First study to compare dietary signatures of African and South American mammals in quest to reconstruct ancient ecosystems finds need for revisions — ScienceDaily

Closed-canopy rainforests are a vital part of the Earth’s modern ecosystems, but tropical plants don’t preserve well in the fossil record so it is difficult to tell how long these habitats have existed and where rainforests might have once grown. Instead, scientists look to the diets of extinct animals, which lock evidence of the vegetation they ate into their teeth. A new study led by scientists at the American Museum of Natural History finds that the paradigm used to identify closed-canopy rainforests through dietary signatures needs to be reassessed. The findings are published this week in the journal Proceedings of the National Academy of Sciences.

“The Amazon is the world’s most diverse rainforest, home to one in 10 known species on Earth,” said Julia Tejada-Lara, who led the study as a graduate student at the Museum and Columbia University. “Closed-canopy rainforests have been proposed to occur in this area

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40% of Amazon could now exist as rainforest or savanna-like ecosystems

Amazon Rainforest
Credit: CC0 Public Domain

A larger part of the Amazon rainforest than previously believed is at risk of crossing a tipping point at which it would become a savanna-type ecosystem, according to new research. The study, based on computer models and data analysis, is published in the journal Nature Communications.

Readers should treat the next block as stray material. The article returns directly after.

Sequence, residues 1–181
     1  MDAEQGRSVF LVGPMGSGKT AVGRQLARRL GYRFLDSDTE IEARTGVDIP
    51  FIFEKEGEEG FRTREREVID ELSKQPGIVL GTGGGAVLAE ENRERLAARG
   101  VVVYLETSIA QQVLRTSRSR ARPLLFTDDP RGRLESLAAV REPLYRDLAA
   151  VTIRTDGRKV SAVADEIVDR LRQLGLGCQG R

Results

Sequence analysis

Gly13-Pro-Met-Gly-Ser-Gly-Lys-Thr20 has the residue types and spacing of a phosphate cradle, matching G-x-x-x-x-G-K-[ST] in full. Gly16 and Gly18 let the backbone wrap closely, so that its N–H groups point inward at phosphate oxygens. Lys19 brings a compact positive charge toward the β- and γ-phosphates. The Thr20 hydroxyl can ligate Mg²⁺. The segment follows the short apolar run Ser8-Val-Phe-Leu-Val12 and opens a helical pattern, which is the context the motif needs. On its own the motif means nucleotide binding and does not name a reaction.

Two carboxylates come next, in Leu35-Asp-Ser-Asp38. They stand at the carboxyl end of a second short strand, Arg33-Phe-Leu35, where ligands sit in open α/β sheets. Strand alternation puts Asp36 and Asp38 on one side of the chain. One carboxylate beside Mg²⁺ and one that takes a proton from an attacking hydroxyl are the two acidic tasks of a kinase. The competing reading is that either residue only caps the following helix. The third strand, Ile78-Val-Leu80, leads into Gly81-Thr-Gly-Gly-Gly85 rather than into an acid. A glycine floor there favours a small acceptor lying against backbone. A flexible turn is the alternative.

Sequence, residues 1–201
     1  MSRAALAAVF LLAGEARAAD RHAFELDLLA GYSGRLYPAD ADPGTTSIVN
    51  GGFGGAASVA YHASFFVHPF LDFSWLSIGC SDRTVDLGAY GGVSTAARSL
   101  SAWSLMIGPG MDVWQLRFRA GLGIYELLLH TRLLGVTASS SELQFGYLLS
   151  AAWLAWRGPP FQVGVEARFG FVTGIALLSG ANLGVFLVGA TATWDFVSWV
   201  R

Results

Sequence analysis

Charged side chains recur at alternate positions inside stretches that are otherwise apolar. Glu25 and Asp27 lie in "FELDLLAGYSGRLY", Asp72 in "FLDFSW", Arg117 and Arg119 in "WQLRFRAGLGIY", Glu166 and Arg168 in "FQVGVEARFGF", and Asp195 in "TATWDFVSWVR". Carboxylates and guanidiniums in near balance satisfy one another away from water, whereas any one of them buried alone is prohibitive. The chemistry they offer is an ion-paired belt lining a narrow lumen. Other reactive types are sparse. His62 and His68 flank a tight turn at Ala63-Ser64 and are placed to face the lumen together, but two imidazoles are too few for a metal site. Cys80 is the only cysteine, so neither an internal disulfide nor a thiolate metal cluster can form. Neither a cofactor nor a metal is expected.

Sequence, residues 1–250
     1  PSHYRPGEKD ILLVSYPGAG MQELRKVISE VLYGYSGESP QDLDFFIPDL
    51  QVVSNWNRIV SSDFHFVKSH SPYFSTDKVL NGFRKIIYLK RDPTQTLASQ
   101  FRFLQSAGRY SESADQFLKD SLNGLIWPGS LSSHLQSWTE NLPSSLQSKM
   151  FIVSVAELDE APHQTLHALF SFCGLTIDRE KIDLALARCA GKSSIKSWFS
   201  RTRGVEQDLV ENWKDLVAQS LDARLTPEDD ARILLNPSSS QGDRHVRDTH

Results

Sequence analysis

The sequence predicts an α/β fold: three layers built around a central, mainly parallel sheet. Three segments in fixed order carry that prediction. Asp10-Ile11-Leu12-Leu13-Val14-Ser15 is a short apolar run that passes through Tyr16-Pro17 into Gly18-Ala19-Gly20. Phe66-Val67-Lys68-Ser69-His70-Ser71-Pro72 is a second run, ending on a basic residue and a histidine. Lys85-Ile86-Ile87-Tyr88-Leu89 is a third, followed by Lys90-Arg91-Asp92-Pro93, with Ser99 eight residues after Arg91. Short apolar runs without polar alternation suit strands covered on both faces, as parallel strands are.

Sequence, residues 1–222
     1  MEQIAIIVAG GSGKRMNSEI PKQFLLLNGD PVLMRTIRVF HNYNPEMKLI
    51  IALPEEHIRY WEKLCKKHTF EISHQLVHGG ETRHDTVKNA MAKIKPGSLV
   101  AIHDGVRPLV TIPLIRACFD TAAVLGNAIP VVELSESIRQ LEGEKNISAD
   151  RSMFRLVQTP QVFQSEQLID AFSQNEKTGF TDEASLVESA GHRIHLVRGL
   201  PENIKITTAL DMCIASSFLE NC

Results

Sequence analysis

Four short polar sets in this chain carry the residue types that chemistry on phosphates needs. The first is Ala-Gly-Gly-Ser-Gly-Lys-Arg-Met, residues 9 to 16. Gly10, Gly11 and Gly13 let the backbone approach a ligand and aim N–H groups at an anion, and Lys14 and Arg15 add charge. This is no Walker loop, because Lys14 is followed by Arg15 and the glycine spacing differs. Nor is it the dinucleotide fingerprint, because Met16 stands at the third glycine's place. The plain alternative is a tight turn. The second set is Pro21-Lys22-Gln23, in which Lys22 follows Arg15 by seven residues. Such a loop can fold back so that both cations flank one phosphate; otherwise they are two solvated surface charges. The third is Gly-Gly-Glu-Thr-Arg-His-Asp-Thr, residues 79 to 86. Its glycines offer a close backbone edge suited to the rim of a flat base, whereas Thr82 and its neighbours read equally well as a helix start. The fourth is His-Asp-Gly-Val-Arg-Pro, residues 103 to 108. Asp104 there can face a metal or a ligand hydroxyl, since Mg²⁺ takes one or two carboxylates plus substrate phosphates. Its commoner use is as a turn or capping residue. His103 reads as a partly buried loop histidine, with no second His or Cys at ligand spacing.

Rainforests are sensitive to changes that affect rainfall for extended periods. If rainfall drops below a certain threshold, areas may shift into a savanna state.

“In around 40 percent of the Amazon, the rainfall is now at a level where the forest could exist in either state—rainforest or savanna, according to our findings,” says lead author Arie Staal, formerly a postdoctoral researcher at the Stockholm Resilience Center and the Copernicus Institute of Utrecht University.

The conclusions are concerning because parts of the Amazon region are currently receiving less rain than they were previously, and this trend is expected to

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Why Should Leaders Stop Obsessing About Platforms And Ecosystems?

Why should leaders stop obsessing about platforms and ecosystems? originally appeared on Quora: the place to gain and share knowledge, empowering people to learn from others and better understand the world. 

Answer by Erich Joachimsthaler, Founder & CEO of Vivaldi, Author of The Interaction Field, in his Session: 

Company leaders have now learned that the traditional pipeline business model, also known as the experience curve or value chain, though it has been the foundation of every business until today, is also less important. For many businesses, the pipeline or value chain has been globalized, digitized and optimized. It has been the source of value creation through the supply-side economies of scale. In short, scale leads to lower unit cost of output.

Today, it becomes ever harder to squeeze out value from the value chain or pipeline

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